The supporting cast for the most part was enjoyable. I wish we could have more about Nehemia. Nehemia is a visiting Princess, she and Celaena become friends and end up helping each other more than they realize. For me, she was the most interesting character. I truly hope we have more with her later on...maybe even her own book!
Overall, I enjoyed the story. My attention and curiosity were piqued throughout the entirety. Not once did I pick up another novel to read in between. (Yes, I have a bad habit of doubling up on books.) I love the initial premise. But there was something about the premise that bothered me. The King is looking for his Champion. So he devises a series of tests to weed out those not worthy, to end with a duel. Okay, that's all well and good. But, why is he testing criminals? There are assassins, thieves, brutes, etc. Not one single "good" person in the mix. That irritated me for some reason. Who knows, maybe the King has some nefarious purpose coming up that would require a criminal.
My biggest issue with Throne of Glass came at the end of the book. I am still puzzled over it two days later.
"All the clothing Celaena planned to buy when she was free to venture into Rifthold and do some shopping for herself..."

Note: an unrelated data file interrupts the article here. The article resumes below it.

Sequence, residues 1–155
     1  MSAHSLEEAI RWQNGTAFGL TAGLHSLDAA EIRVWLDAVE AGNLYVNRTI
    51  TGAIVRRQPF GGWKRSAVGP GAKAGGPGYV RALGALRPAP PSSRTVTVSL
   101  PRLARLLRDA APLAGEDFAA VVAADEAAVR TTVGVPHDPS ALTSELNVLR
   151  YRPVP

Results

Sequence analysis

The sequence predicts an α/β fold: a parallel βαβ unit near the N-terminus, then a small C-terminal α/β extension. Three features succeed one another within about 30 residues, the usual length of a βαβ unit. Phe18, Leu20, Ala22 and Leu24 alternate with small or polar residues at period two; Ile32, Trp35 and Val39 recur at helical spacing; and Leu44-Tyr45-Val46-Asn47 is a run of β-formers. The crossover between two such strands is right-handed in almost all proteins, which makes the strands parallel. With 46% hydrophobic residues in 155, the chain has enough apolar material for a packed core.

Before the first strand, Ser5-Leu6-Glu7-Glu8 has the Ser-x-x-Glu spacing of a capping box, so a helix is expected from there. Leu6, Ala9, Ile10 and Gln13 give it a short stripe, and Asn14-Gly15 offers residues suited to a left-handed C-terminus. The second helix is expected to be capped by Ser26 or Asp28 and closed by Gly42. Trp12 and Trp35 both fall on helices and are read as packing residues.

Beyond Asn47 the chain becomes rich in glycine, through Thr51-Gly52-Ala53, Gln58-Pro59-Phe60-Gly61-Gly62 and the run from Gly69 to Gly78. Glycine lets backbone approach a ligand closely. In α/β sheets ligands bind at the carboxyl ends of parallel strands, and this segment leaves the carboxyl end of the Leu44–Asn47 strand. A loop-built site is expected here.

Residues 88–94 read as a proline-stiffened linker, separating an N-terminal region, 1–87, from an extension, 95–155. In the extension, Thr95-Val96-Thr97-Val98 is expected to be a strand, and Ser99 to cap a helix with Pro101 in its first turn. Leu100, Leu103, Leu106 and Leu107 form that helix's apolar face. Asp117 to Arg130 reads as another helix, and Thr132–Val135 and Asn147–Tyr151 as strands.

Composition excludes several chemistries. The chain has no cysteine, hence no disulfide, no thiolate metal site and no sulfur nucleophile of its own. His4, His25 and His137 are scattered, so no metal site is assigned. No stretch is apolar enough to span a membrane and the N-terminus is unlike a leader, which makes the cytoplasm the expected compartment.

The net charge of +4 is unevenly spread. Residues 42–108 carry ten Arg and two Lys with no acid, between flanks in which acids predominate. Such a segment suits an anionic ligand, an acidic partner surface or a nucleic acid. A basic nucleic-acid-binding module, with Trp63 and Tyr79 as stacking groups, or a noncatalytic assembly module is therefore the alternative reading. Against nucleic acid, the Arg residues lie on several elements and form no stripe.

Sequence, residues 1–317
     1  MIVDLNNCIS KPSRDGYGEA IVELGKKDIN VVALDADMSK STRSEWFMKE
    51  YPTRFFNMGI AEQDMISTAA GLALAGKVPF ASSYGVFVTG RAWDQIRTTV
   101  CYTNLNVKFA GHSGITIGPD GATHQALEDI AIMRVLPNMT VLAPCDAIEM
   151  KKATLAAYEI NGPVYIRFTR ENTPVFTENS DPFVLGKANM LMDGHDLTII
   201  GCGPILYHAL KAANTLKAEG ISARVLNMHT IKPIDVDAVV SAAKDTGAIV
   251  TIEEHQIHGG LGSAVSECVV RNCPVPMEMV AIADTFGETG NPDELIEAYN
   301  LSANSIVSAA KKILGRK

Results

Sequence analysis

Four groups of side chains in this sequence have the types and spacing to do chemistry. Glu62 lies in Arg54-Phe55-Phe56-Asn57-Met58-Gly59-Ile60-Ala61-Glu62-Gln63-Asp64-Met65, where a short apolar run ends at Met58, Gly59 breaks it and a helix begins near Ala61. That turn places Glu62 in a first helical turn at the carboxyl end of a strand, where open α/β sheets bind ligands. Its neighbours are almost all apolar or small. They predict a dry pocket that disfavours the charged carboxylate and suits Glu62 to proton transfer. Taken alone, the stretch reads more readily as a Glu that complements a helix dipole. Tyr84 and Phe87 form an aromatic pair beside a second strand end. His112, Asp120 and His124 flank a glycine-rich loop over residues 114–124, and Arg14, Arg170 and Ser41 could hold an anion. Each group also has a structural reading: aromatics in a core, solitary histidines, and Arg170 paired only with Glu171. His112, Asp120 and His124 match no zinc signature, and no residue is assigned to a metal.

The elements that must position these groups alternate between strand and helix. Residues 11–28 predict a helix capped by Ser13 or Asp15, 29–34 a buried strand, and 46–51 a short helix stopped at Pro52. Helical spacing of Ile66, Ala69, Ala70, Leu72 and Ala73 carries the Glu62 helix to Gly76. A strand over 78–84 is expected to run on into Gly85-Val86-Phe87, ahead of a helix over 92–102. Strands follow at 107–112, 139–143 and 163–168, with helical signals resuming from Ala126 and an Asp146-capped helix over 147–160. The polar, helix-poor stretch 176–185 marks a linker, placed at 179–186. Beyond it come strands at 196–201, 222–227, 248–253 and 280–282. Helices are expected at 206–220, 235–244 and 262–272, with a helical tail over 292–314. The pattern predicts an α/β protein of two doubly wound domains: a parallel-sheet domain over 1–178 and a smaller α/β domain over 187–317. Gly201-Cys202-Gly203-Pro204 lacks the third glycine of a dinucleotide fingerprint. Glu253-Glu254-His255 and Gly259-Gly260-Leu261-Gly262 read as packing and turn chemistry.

I'm sorry, but what the hell?! First off, Celaena never acted like a woman who was into shopping, or clothes in general. And there is the issue with the use of the word "shopping." While this is a fantasy book, it also has a historical feel to it. And in that sense, would a castle resident really go out to shop? Would they even use the word? Wouldn't there be a tailor that came by to personalize the clothing? This one phrase completely broke the aura of the novel for me.
Anyway, with the exception of those two issues, I highly enjoyed this book! And I am so ready for the sequel! (less)
My first introduction to this book was at one of the itty bitty libraries in my town. I was there to get another book, but saw this one, and thought H...more
My first introduction to this book was at one of the itty bitty libraries in my town. I was there to get another book, but saw this one, and thought Hmmmm. Plus it was small. And I'm not going to lie, I was in the mood was a quick read. I read reviews when I got home. Some good, some not, some mixed.
Well, today was the day that I read it. And holy crap. Those 190 pages FLEW! At one point my jaw dropped, and once I picked it back up, I continued on my merry reading way. One thing that helped, Schreiber did not spend a lot of time giving us background on Gobi as an exchange student in Perry's home. It was short, sweet, and to the point. Because really, the story was about her being a badass "Lithuanian ninja!" (As Perry calls her.)
The story takes on the form of a college application essay. Each chapter is headed by an application question, which also falls in line with the chapter. One of my favorites "What single word best describes you, and why?" The first sentence on that chapter? '"Dick," my best friend Norrie, burst out. "You are being such a dick!"' So much awesomeness!